Saturday, September 13, 2014

Thoughts on a C-Section

When James wakes up from his nap, I’m going to give him a big kiss on his chubby cheeks and place him snug on my hips. My big ole’ birthing hips. Except those hips didn’t birth him. He came out of a 7-inch incision on the underside of my belly. I see that scar everytime I take my clothes off, a reminder of the happiest day in May when I became a mother. But, for some reason, lately I’ve been looking at that scar and wondering one question: what went wrong?

Of course, in the most important sense, nothing went wrong. I was pregnant in the 21st century and gave birth in a stellar hospital, under the care of wonderful nurses and physicians, coached by our incredible doula, in a country with a low maternal mortality rate. When my water broke at home without any sign of labor and baby’s risk of infection went up because his bag of waters was no longer protecting him, those nurses hooked me up to pitocin to start labor for me. And after kickin’ it the old-fashioned way for 22 hours, I got to labor without pain thanks to the guardian angel anesthesiologist who administered my epidural. And when my cervix refused to dilate past 4.5 cm, and I’d been on high levels of pitocin for too long, that wonderful team of doctors cut James out of my belly safely for the two of us, and I became part of the 30% of women who give birth via C-Section every year in the US.

That’s a substantial number, but I naively thought I would never be included in it. I had a very easy, healthy pregnancy and thus had the luxury of casually ignoring the possibility that I would deliver James via C-Section. Some mamas aren’t so lucky: risk factors like breech position and placenta issues often require a planned-for, scheduled surgery. But that wasn’t me. On top of my healthy pregnancy, I went to yoga classes and on daily walks, I took prenatal vitamins and ate well(-ish), I read pregnancy books, and Ian and I signed up for a 9-week long childbirth education class. Ending my pregnancy with a C-Section felt like being carried across the finish line when I had been training to run a marathon.

Moreover, as I prepared for a "natural" childbirth in the months leading up to our due date, all l I kept hearing was how women’s bodies are designed to birth their babies. And I couldn’t help but look at my own body in the mirror, with my big hips, big boobs and soft tummy, that I looked like a woman designed to push a baby out of her hoo-ha.

With the benefit of hindsight, I wish that I would have forced myself to envision James’ birth in different ways rather than believing that my birth plan would come to fruition if I wanted it hard enough.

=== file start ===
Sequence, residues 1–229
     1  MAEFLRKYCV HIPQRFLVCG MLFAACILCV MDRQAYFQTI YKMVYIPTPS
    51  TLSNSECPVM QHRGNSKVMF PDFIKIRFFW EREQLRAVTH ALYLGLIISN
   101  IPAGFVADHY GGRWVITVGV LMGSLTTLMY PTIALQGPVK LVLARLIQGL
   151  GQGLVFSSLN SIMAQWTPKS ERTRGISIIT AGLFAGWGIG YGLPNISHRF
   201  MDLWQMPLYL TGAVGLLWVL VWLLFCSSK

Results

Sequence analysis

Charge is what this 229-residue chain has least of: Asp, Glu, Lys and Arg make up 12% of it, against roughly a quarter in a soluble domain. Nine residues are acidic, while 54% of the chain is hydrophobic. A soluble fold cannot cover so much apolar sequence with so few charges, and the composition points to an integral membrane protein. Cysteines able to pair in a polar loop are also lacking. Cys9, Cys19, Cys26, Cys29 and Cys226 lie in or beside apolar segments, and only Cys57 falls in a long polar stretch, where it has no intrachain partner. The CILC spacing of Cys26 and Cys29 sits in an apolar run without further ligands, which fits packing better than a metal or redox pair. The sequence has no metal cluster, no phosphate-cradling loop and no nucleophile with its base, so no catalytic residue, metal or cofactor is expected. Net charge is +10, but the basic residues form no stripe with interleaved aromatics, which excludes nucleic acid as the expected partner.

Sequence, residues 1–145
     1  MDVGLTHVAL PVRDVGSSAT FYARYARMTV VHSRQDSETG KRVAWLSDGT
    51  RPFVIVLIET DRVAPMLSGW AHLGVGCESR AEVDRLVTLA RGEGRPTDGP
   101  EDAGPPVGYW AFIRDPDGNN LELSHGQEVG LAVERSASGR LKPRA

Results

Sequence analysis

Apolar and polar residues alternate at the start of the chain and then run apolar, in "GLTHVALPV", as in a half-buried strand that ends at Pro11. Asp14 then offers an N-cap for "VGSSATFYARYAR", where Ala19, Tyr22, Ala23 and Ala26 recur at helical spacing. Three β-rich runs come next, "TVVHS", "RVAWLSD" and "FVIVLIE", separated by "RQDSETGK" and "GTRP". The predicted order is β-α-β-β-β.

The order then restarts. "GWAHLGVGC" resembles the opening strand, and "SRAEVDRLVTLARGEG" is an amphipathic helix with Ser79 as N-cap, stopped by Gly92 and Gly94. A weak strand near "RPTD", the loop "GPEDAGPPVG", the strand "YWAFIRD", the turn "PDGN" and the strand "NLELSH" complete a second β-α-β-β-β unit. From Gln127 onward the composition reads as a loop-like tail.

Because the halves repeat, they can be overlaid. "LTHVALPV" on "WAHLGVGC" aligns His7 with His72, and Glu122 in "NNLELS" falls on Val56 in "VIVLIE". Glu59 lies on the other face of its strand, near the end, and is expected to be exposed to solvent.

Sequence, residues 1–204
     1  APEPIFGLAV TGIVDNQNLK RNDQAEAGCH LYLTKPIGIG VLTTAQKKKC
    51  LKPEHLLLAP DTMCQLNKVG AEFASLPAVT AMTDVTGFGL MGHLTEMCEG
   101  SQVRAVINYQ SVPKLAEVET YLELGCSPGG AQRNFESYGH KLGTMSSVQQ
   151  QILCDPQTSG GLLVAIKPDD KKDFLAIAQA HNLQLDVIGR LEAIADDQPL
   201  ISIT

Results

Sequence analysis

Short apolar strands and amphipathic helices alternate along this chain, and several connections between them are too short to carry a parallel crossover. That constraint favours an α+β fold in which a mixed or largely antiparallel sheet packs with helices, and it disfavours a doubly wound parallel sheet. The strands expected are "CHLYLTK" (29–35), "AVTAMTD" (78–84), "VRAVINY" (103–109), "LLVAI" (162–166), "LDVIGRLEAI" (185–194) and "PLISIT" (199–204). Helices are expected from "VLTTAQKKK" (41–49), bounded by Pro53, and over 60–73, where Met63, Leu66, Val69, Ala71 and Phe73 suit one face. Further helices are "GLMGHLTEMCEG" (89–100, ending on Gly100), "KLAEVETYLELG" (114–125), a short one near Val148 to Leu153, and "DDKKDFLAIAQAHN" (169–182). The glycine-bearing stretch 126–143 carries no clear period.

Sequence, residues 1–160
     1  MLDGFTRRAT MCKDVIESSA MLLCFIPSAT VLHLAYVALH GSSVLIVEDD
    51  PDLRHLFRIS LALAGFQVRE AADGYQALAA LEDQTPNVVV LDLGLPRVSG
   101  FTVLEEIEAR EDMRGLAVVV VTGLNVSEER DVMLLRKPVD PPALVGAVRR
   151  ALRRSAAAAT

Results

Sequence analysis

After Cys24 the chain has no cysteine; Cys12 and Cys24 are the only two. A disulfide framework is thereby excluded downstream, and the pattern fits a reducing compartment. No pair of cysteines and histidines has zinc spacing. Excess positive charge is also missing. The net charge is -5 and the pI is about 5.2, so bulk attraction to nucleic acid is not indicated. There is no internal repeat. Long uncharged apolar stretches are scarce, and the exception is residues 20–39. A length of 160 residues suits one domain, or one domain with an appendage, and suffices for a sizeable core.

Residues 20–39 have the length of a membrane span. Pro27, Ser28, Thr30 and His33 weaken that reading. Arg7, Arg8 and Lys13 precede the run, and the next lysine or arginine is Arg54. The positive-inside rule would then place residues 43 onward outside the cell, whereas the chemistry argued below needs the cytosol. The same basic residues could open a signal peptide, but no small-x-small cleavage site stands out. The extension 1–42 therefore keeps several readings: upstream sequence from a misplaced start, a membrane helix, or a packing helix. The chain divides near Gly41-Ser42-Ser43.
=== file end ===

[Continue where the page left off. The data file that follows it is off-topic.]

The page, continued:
That I didn’t mentally prepare for a C-Section has led to a bit of retrospective mourning for the birth I thought I was going to have, something scheduled C-Section mamas get to grapple with weeks ahead of time. Instead, after a whole day in labor with no sleep, the surgery team flooded our labor & delivery room and I had no time or energy to reconcile my emotions. I was left feeling like I missed out on something: the pushing, the baby on the chest, seeing my husband’s wide smile instead of trying to decipher it behind a surgical mask…

Most of all, I’m scared that James missed out on something, that being born through my abdomen will disadvantage him somehow. And that he’s disadvantaged not because of some unlucky pregnancy issue, but because of the decisions I made that precipitated his cesarean delivery. He wasn't breech and my placenta was fine, so I can't help but blame my own choices. If only I had waited longer for labor to start on its own, or asked about Cervadil at that last prenatal visit when I was past my due date, or used my birthing ball more… Maybe I didn’t just fail to have a vaginal birth; maybe I failed him.

But in the face of this doubt, I am certain of one thing: my C-Section was the right decision under the circumstances at the time. So perhaps James’ birth was my first big lesson in parenting: all Ian and I can do is make the best decisions we can with the information that we have. That’s what we did. As our childbirth education instructor told us, “As long as you love your baby, you’re making the right choice.” I love my sweet baby more than any words I could write here, and the choices we made on his birthday - being induced to avoid infection and opting for the C-Section to stop his prolonged exposure to pitocin - we made of out love.

I may not have been the first one to hold James in my arms - that was Ian - but I held him in my body for 41 weeks. And I hold him today, his little foot resting sweetly over the scar on my belly, in between my birthing hips.

*Amanda Megan Miller Photography